The vegan food tech start-up Beyond Meat, known for its meat-like plant-based burgers, has become one of the most shorted companies on the US stock exchange. Currently nearly 40% of its shares are being held by investors betting on the price to fall, suggesting scepticism about the true value of the company.
Plant-based foods have taken the market by storm: demand has been driven by a growing consciousness of ethics, wellness, and the environment. Over a tenth of the UK population currently follow a flexitarian diet. The considerably lower carbon footprint of plant-based foods is a key motivator for the everyday person to cut down on their meat consumption. A life cycle analysis of a plant-based burger has shown it generates 90% less greenhouse gasses, consumes 46% less energy, and 99% less water than that of a US beef quarter-pounder. As we begin to challenge climate change, this builds a strong case for investment in the alternative protein market, which saw a year-on-year sales growth of 6.7% in 2021.
Plant based protein alternatives provide business appeal to consumer goods companies due to their significant marketing opportunities. The alternatives market is brand-led with big names such as Quorn and Linda McCartney, whereas the meat market remains unbranded. Unlike its competitors, Beyond Meat doesn’t market itself as vegan and claims that 70% of its customers also consume meat. As a result, the company has adopted a very different marketing strategy, with a goal of becoming a household name alongside meat products.
Beyond Meat, trading as BYND, initially showed great promise with one of the most successful IPOs of 2019. The stock started trading at 25 USD and then gathered momentum immediately, increasing value by 163% and ending the day at 65.75 USD. It currently has a market cap of 3.8 billion USD.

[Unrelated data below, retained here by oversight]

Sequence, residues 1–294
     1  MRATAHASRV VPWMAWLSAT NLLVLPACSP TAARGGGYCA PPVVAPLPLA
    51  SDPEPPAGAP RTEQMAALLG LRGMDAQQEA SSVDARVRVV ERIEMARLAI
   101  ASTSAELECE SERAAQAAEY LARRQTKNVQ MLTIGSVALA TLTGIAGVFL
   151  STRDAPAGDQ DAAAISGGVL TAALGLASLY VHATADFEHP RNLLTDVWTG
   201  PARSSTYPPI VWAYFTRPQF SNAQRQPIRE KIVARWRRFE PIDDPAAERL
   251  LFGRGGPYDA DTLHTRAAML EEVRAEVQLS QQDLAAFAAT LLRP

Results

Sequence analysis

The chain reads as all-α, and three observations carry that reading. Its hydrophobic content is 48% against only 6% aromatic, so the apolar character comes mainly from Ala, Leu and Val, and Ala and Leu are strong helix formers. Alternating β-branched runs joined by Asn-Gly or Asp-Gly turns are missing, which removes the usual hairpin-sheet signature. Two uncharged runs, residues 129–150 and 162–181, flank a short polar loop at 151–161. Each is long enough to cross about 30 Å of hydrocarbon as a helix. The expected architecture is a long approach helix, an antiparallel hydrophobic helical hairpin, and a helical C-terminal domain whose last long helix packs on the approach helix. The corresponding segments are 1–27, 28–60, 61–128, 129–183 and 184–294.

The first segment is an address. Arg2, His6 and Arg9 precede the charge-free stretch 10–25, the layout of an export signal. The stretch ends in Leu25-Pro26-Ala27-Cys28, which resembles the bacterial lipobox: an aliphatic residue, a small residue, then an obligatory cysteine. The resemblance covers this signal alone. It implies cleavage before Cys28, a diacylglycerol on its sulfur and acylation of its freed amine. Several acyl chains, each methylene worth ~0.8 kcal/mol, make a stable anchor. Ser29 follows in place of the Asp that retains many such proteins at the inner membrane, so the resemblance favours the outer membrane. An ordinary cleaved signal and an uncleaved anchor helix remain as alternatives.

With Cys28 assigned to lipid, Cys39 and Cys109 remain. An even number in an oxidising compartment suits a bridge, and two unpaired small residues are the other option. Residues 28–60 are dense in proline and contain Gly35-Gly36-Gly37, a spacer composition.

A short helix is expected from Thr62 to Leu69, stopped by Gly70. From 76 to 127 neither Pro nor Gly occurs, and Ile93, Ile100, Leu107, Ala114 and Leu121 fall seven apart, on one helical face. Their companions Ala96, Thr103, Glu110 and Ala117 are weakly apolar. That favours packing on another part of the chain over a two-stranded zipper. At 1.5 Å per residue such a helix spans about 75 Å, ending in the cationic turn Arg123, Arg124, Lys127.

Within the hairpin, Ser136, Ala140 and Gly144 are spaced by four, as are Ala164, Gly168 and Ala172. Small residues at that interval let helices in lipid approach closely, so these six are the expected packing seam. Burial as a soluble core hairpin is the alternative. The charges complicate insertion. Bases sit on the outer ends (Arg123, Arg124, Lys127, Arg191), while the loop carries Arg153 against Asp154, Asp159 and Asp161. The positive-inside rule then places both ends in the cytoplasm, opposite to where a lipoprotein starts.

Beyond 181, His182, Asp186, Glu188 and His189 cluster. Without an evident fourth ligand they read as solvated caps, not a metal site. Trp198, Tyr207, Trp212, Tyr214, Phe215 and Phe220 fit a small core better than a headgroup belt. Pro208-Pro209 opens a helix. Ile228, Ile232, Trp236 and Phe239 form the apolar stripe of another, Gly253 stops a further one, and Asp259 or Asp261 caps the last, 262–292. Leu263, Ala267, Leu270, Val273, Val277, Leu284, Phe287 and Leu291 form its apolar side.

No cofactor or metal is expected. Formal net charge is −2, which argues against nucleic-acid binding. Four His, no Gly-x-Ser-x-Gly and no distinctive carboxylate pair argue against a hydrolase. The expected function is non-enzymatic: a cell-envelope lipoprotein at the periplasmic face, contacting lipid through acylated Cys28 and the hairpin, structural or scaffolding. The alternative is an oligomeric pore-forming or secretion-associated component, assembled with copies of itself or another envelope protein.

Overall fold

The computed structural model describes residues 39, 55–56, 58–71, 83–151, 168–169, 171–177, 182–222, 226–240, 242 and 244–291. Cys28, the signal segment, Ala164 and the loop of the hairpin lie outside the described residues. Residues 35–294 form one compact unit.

BYND shares spiked to 700% just 3 months after its IPO. This surge however felt too good to be true for analysts who believed the company would struggle as competition in the market grew. Moving forward 2 years and this may be coming into fruition. Growth is diminishing, with the year-on-year Q3 revenue increasing by less than 20% in 2021, in contrast to over 50% for the same period in 2020. The firm is also yet to make a profit. Alongside the impacts of the COVID-19 pandemic, which led to high expenses related to inventory write-offs and repacking costs, maintaining their share in the market has become expensive. In the fight for shelf space, Beyond Meat has increased expenditure on the development of new products and the distribution of these to consumers. Selling, general and administration, research and development, and operating costs all increased materially from 2020 to 2021. Previously dependable marketing strategies are also starting to become unreliable. The ‘Veganuary’ movement brings attention to plant-based products and encourages many people to try a vegan diet, however Beyond Meat did not capitalise on the initiative this year. Towards the end of the month, their share price had decreased by 13%.
Regardless, the future of the global plant-based protein market remains hopeful. Future Market Insights predict a CAGR of 7.2% over the next 10 years, and the trend in dietary preferences towards environmental and socially conscious food provides a strong driver for its growth. There has been an enthusiastic response from supporting companies who have recognised the changing demand. In 2020, Tesco became the first UK retailer set a sales target for plant-based meat alternatives. In partnership with WWF, Tesco committed to a 300% increase in sales by 2025, alongside putting other sustainability measures in place in the aim of halving the impact of the average UK shopping basket. This means more shelf space for the plant-based meat products.
McDonald’s, the fast-food chain, has also recognised the demand for meat alternatives. In collaboration with Beyond Meat, the McPlant burger was added to their menu in international trials, and it has now become a permeant item in the UK, with more countries to follow. Although it falls under a white label, the deal could be integral to Beyond Meat’s recovery. Piper Sandler analyst Michael Lavery believes the McPlant sales could boost revenue for Beyond Meat by $215 million annually. The menu feature, especially the heightened sales in its initial reception, will also increase the number of people experiencing a meat-mimicking plant-based burger for the first time and this could increase the customer base of the shop-bought patties.
For the success of Beyond Meat, it is vital that it establishes itself as a market leader in the growing new market of plant-based alternative protein products. The volatile share price, surging to such high levels and then being shorted doesn’t help this long-term. It will be interesting to see if the market settles down or whether Beyond Meat continues to attract short term speculators.
Analyst: Alice Lane
Sector Head: Philipp Jiang